MIKE BROOKS, CNN SECURITY ANALYST: He is. He was an officer, not an enlisted man, but an officer in the Naval Reserve.

Yes, he knows what is he's doing. He knows weapons and he's a rifle marksman, pistol marksman in the Reserves and he has been very well- trained. The LAPD are some of the best trained officers in the country. He was there from 2005 to 2008. And I tell you this manifesto, it scares the hell out of me.

BALDWIN: Let's get to it. We have a couple chunks.

I want to just read this first one here -- quote -- "You better have all your officers radio/phone muster on or off duty every hour, on the hour. You may have the resources and manpower but you are reactive and predictable." It goes on, "I have the strength and benefits of being unpredictable, unconventional, and unforgiving."

How do you stay one step ahead of this guy? Because you have to think not only does this guy know what the officers are doing, he knows how they're responding to him.

BROOKS: He does. He knows about the Metropolitan Division, which is their elite unit with the LAPD that includes the SWAT team. These are the ones, these are the men and women who are out there protecting the higher-ups in the LAPD from serious injury or death because of this guy.

They are out the ones who are there doing all the protection. And I'll tell you what. From the sounds of his manifest, it sounds like he is also extremely well-armed.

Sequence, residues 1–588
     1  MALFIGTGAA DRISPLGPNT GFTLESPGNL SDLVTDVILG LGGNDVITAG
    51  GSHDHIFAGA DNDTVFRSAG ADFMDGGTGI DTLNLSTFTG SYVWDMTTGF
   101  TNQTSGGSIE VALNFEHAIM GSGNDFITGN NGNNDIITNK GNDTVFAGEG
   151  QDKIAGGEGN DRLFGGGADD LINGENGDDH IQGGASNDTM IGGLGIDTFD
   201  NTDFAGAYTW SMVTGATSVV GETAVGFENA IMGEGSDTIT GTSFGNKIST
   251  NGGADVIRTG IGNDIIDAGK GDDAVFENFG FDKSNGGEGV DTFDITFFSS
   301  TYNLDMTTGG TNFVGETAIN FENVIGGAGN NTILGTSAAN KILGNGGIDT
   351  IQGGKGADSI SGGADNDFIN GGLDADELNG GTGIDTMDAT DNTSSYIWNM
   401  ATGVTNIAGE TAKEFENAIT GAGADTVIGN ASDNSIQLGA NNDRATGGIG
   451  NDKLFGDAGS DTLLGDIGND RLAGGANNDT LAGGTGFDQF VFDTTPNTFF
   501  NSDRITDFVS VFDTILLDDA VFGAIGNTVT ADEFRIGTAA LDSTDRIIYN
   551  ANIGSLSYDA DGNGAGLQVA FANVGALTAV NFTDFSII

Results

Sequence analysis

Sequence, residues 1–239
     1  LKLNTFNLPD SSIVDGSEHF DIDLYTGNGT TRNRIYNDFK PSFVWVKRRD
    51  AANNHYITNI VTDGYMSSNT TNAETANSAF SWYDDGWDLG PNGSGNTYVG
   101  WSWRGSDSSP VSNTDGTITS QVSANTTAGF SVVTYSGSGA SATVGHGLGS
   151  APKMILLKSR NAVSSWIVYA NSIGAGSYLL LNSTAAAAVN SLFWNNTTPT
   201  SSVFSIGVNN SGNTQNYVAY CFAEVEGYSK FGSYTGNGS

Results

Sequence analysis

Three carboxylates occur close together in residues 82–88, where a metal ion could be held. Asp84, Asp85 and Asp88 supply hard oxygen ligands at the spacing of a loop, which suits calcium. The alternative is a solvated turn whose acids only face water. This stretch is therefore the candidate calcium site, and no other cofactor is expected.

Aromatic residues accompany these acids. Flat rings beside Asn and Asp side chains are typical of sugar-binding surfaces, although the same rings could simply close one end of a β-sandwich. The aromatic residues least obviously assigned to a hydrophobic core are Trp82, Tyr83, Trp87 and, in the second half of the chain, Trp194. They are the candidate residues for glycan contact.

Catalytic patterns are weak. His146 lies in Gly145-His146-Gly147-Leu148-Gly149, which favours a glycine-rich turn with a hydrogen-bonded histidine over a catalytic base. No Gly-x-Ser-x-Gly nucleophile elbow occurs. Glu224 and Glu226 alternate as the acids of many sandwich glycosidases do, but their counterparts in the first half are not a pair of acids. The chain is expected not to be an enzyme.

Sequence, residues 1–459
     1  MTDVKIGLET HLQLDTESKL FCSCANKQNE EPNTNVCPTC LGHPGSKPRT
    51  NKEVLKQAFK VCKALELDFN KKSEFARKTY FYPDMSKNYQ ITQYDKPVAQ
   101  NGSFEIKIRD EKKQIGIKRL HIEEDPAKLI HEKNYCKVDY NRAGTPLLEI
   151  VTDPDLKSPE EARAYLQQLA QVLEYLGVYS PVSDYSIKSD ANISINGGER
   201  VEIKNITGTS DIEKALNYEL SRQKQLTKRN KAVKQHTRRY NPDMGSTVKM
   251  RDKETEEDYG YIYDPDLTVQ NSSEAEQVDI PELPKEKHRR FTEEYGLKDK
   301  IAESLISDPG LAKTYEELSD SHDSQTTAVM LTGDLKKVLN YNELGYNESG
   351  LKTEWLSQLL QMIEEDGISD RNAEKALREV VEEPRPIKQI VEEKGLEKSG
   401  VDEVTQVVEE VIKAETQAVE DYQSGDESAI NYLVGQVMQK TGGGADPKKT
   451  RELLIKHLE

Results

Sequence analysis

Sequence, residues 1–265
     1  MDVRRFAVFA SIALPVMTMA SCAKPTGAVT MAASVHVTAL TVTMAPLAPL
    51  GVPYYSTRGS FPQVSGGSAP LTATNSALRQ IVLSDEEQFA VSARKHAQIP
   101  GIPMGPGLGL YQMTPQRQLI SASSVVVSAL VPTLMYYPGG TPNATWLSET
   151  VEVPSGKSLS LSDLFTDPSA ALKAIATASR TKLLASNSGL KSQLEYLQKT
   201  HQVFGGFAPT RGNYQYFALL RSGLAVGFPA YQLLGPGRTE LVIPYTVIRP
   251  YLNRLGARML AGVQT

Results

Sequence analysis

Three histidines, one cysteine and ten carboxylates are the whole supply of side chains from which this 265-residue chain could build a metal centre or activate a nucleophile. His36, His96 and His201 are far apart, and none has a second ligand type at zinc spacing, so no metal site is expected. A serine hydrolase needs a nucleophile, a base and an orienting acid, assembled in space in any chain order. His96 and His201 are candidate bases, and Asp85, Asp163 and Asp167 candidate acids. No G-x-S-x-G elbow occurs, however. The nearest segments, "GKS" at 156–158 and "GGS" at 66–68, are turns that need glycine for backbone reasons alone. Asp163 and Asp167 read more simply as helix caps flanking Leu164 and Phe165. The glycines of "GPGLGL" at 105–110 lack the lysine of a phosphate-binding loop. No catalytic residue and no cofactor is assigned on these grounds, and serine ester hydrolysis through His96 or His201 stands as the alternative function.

BALDWIN: The officer -- I'm looking down at my notes from when I was listening at the news conference -- multiple weapons at his disposal, including assault rifles. Manifesto says violence of the actions will be high.

BROOKS: Right. In one paragraph, it said the violence of action will be high and the reason TAC alert was established, which means TAC team. But at the bottom of that, this is what scares me. It says, I also own Barrett 50s, so your APC are defunct and futile. APC means armor-piercing, armor personnel carriers and the ones you saw -- this is the bullet.


BROOKS: This is bullet from a .50-caliber.

BALDWIN: It's as big as my hand.

BROOKS: This is the kind of bullet that you use in a Barrett. I fired a Barrett before. It's extremely lethal. Its lethal range is almost 2,000 yards.

BALDWIN: Legal to get your hands on one of these?